United States District Court, N.D. Alabama, Southern Division
MEMORANDUM OPINION AND ORDER
VIRGINIA EMERSON HOPKINS, District Judge.
I. Introduction and Procedural History
This case was originated by Plaintiffs Artelette Cole and Anthony D. Brown in Jefferson County Circuit Court on July 31, 2014, against Defendants City of Tarrant (the "COT"), Angela Moon, Loxcil Tuck, Dennis Reno, Laura Horton, Betty Middlebrooks, Cathy Anderson, Deborah Mathews, and John T. Bryant (Doc. 1-3 at 3) and was removed to this court by Defendants on September 10, 2014. (Doc. 1 at 1). On October 3, 2014, Plaintiffs filed a first amended complaint. (Doc. 16). As described in this amended pleading, Plaintiffs' lawsuit arises out of each one's arrest, which they contend occurred because of an alleged inaccurate and improper accounting of their payments of fees and fines attributable to prior criminal charges and/or traffic citations that were filed against them in the COT. ( See generally Doc. 16).
The case caption of Plaintiffs' amended complaint suggests that all persons named as defendants in this action have been sued in their individual capacity ( i.e., using "an individual" after each person's name), and makes no reference to their official status. However, in describing the individual defendants as parties within the body of their complaint, Plaintiffs refer to these parties' official roles and do not indicate in which capacity or capacities each has been sued. ( See Doc. 16 at 2 ¶¶ 7-10 (identifying Angela Moon as a municipal court magistrate for COT, Loxcil Tuck as the mayor of COT, Dennis Reno as the chief of police for COT, and the remaining five individuals as city council members of COT)).
Plaintiffs' amended pleading contains four counts. Count One asserts violations of the Fourth Amendment to the United States Constitution against Defendants COT, Tuck, Reno, and the City Council Members. (Doc. 16 at 9-11 ¶¶ 78-86). Count Two claims violations of the Fifth Amendment to the United States Constitution against Defendants COT, Tuck, Reno, and the City Council Members. ( Id. at 11-12 ¶¶ 87-93).
Count Three is for malicious prosecution under Alabama law against all defendants. ( Id. at 12-13 ¶¶ 94-99). Finally, Count Four is a request for equitable relief brought pursuant to § 1983 against all defendants. ( Id. at 13-15 ¶¶ 100-08).
Pending before the court are (1) the City of Tarrant's Motion To Dismiss First Amended Complaint (Doc. 20) ("COT's Motion"); (2) Defendants Cathy Anderson, John T. Bryant, Laura Horton, Deborah Mathews, Betty Middlebrooks, Loxcil Tuck's Motion To Dismiss First Amended Complaint (Doc. 22) (the "Individuals' Collective Motion"); and (3) Motion of Defendant Dennis Reno To Dismiss the Plaintiff's First Amended Complaint ("Chief Reno's Motion"), all of which were filed on October 24, 2014, and which are supported by separate briefs filed on this same date. (Docs. 21, 23, 26).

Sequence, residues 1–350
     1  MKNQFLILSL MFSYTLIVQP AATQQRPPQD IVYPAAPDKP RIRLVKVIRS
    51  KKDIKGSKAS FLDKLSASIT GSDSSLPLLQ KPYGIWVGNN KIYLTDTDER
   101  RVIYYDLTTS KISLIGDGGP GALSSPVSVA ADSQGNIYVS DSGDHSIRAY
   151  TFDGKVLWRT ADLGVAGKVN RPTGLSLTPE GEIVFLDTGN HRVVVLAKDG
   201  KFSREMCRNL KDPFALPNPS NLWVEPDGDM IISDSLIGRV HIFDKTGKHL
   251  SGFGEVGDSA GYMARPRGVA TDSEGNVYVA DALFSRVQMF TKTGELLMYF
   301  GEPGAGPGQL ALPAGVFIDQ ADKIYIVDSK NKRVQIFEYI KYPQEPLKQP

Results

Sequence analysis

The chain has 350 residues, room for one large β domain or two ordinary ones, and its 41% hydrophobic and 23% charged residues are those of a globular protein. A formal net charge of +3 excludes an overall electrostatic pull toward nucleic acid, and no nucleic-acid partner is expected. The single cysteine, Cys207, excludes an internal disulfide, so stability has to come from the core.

Plaintiffs have failed to file any opposition, which deadline ran on November 7, 2014, under Appendix III to the court's uniform initial order (Doc. 3) entered on September 3, 2014. ( See id. at 23 ¶ B.2 (The opponent's responsive brief shall be filed no later than fourteen (14) calendar days thereafter.") (emphasis in original)).
For the reasons explained below, COT's Motion, the Individuals' Collective Motion, and Chief Reno's Motion are GRANTED IN PART, DENIED IN PART, and otherwise TERMED as MOOT.
A. Rule 12(b)(1)
Unlike state courts, federal tribunals are bodies of limited jurisdiction, meaning that the grounds for the court's jurisdiction over the claims asserted by the plaintiff must be present at the time the complaint is filed and must be obvious on the face of the complaint. Fed.R.Civ.P. 8(a); 28 U.S.C. § 1330, et seq. The law is clear that Plaintiffs, the parties seeking to invoke federal jurisdiction in this case, have the burden to demonstrate that the court has subject matter jurisdiction. See McNutt v. General Motors Acceptance Corp., 298 U.S. 178, 189, 56 S.Ct. 780, 785, 80 L.Ed. 1135 (1936) ("They are conditions which must be met by the party who seeks the exercise of jurisdiction in his favor.... [and a]s he is seeking relief subject to this supervision, it follows that he must carry throughout the litigation the burden of showing that he is properly in court."); see also McCormick v. Aderholt, 293 F.3d 1254, 1257 (11th Cir. 2002) (per curiam) ("[T]he party invoking the court's jurisdiction bears the burden of proving, by a preponderance of the evidence, facts supporting the existence of federal jurisdiction.").
Further, lack of subject matter jurisdiction cannot be waived or expanded by judicial interpretation, and a jurisdictional deficiency can be raised at any time by either the parties or the court. See, e.g., Am. Fire & Cas. Co. v. Finn, 341 U.S. 6, 17-18, 71 S.Ct. 534, 542, 95 L.Ed. 702 (1951) ("The jurisdiction of the federal courts is carefully guarded against expansion by judicial interpretation or by prior action or consent of the parties."); Sosna v. Iowa, 419 U.S. 393, 398, 95 S.Ct. 553, 557, 42 L.Ed.2d 532 (1975) ("While the parties may be permitted to waive nonjurisdictional defects, they may not by stipulation invoke the judicial power of the United States in litigation which does ...